I feel like FINA needs to let the sport evolve a little. The dilema FINA is in is not new. Tennis has high tech rackets, golf has super clubs and balls, Cycling has gobs of new equipment every year, skiing, bobsled, surfing, rowing and the list goes on and on. A new innovation like this causes people to think the sport is changing too much, and they’re right, there have been a lot of records broken because of the suit. In fact 2008 had the 2nd highest number of broken records. Wait, what? The second most? That’s right. Do you know what year boasts the most records broken? The year that they allowed goggles to be worn in competition. You read that right. Goggles had a greater impact on this sport than the super suit, and did it ruin the sport? Not one bit.
By killing the new suits, FINA will put companies put out of business http://www.cnbc.com/id/32129430. As the cnbc aritcles talks about, there are small companies that have sunk a ton of money into creating a high tech suit. If you roll back the clock to the old lycra, most swimmers will go back to the giants of the industry like Speedo, Nike, and TYR. While risk is just part of starting a business, by killing off these smaller companies you are killing off a great money stream into the sport. How many swimmers were sponsored by Blueseventy before the super suit? You get the idea. Kill the money stream and swimmers head back to waiting tables in order to chase the dream.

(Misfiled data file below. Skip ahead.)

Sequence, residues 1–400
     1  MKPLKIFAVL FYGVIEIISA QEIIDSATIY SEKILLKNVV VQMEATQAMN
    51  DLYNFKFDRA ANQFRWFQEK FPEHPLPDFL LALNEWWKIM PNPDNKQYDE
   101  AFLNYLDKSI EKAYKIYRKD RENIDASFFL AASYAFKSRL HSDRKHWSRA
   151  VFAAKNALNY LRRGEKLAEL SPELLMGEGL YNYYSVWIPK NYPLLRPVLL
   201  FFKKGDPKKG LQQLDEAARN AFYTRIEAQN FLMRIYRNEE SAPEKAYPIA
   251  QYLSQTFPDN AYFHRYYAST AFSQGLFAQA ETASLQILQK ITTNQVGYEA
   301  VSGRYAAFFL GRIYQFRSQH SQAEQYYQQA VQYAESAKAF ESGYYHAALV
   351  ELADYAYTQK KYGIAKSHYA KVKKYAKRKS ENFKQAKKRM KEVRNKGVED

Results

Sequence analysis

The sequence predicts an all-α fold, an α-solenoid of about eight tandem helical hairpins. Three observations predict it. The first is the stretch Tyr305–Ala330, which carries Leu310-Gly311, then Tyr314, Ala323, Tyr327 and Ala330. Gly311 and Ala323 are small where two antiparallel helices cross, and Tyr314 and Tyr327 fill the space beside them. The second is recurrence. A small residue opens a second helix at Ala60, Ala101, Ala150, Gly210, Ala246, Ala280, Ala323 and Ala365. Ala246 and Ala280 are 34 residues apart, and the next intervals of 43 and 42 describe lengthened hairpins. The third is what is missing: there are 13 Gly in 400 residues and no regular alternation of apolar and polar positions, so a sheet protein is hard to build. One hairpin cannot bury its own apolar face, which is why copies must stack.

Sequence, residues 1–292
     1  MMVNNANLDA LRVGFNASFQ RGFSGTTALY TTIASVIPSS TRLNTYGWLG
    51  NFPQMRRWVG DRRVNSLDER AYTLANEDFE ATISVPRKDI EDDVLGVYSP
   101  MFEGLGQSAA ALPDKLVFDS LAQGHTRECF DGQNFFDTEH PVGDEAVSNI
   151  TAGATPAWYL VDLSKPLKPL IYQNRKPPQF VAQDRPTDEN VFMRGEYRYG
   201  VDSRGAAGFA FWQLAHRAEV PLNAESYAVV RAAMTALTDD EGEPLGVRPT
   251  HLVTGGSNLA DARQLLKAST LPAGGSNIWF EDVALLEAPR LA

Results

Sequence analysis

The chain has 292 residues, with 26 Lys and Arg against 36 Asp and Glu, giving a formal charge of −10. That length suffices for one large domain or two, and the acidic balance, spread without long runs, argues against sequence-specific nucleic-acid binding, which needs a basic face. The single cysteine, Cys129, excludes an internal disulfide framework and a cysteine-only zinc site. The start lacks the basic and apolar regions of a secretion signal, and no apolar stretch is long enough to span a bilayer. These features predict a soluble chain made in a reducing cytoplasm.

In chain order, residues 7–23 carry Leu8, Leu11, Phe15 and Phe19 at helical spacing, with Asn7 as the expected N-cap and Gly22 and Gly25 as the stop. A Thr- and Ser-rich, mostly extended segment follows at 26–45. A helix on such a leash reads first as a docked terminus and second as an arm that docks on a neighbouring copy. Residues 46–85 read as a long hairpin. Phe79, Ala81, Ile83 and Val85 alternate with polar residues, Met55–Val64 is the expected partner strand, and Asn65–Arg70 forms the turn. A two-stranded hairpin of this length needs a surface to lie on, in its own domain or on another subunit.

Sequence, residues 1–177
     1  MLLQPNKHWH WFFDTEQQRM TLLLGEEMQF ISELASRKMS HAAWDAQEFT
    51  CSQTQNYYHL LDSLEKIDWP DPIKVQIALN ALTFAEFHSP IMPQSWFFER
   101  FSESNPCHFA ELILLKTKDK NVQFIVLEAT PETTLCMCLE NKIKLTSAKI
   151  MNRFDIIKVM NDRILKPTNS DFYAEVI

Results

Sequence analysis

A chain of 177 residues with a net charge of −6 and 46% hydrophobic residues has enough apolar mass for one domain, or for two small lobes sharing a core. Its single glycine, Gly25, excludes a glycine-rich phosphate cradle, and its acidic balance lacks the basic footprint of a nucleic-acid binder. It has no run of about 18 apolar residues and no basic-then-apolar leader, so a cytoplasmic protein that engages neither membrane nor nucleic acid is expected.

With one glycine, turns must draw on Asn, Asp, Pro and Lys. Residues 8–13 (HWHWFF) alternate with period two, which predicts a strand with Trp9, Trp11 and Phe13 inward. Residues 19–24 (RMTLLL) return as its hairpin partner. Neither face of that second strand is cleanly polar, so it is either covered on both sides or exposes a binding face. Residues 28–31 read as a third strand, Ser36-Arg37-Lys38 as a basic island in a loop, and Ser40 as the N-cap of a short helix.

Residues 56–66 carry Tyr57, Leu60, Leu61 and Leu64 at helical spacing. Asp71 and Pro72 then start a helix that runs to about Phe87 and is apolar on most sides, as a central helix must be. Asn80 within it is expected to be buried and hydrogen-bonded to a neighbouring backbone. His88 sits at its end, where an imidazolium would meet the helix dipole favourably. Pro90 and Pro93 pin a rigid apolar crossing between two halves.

What’s wrong with a little excitement? The Tour de France has a number of segments every year on tv showing the world the latest and greatest in bike technology. And since all the athletes have high tech bikes, there is no question that the best rider still wins the race. Any swimmers remember the Berkoff Blastoff? That was absolutely the coolest thing I saw in a pool growing up. FINA got worried though because it changed how people raced the backstroke, so they banned it. Total buzzkill.
How are they going to get the genie back in the bottle? Mark Schubert (who I am a big fan of by the way) suggested putting an asterisk by all the records set with the suit on. An asterisk? Like the one they want to put on Barry Bonds homerun record for cheating? The suit isn’t cheating, its perfectly legal. We’re going to go a very long time before world records are set again if this holds up, and this doesn’t address all the regional, district, and team records. You also have a number of time standards and qualifying times that are calculated by the previous years results. How’s that gonna work when no one can qualify for the big meet? Maybe they should have two sets of asterisks. One for the suit and one for GOGGLES. Maybe we can get Mark Spitz his records back. What a mess.
I have no idea how this is going to turn out. FINA should have had tighter rules to prevent this type of thing, but they didn’t and it’s here. I don’t have a perfect solution, but wanting to go back and relive the ’80’s again is not my idea of a solution. I guess we’ll have to wait and see.
Note: Good interview here (http://www.cnbc.com/id/32190778) with Speedo. Brommers is right on the money.